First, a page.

In response to the coronavirus pandemic, the St. Mary’s University community has adapted — faculty stepping up to deliver quality education to students from a distance.
Colin P. Marks, J.D., Associate Dean for Graduate and Summer Programs, shared takeaways from his spring classes in a Q&A. Marks joined St. Mary’s in 2006. He specializes in contract law, commercial law, business associations and business torts. In Summer 2020, he taught Secured Transactions, a commercial law topic.
Q: What was your approach in switching to online learning in a short period of time?
A: I was already certified to teach online so the shift was pretty easy. I created short lectures for each week’s materials (usually two 15-minute videos) with a quiz after each video geared toward the materials to make sure the students had been paying attention, and then a once a week Zoom (a cloud-based videoconferencing platform) session with the class to go over the learning objectives and answer questions.
Q: What are some new teaching methods you’ve picked up along the way?
A: Using learning objectives for each assignment has been the biggest thing I have picked up. I create learning objectives and publish them at the beginning of each chapter/assignment. It really helps focus the class but also focuses my teaching on the truly important topics.
Q: What has been your biggest area or opportunity for growth in teaching online thus far?
A: Creating succinct video lectures while not talking too fast. Research shows that video lectures should be short due to normal attention spans. A normal live class would last 50 minutes but there is usually a lot of back and forth between the students. Creating learning objectives for each lecture has helped focus me on what is important so I can make the lectures concise without rushing.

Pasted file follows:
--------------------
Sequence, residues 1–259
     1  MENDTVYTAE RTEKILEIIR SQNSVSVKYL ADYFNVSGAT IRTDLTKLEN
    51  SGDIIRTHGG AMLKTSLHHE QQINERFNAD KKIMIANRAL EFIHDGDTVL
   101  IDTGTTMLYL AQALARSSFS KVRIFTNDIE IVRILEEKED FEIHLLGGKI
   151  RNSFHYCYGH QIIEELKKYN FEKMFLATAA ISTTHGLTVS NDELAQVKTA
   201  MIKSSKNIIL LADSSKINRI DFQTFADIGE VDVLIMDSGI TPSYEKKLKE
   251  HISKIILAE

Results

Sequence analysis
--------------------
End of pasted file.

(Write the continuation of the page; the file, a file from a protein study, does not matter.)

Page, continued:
Q: What has been most surprising?
A: I am teaching an online secured transactions class and the students have to do weekly discussion posts. I have been very impressed with the students’ thorough responses. The responses have demonstrated that the students are not just processing the material, but have thought about the policy underpinnings of the law.
Q: What has been the most beneficial experience of teaching online?
A: The freedom it gives the students and me with our schedules. COVID-19 has upended so many peoples’ lives. Schedules have been thrown into chaos and students who once could regularly attend a class at a set time every week pre-COVID-19 now find that more difficult. Online education gives more flexibility, especially when offered in an asynchronous format.
Q: Students look to you for guidance, for wisdom, especially during times of crisis. How have you managed your own challenges and anxieties in quarantine?
A: Keeping a regular schedule has helped as well as making daily to-do lists. Though live attendance at church has not been possible, I still pray for guidance. I also make a point of exercising daily and each night I walk my dogs, which is relaxing. I call my brother or parents often to keep up with them.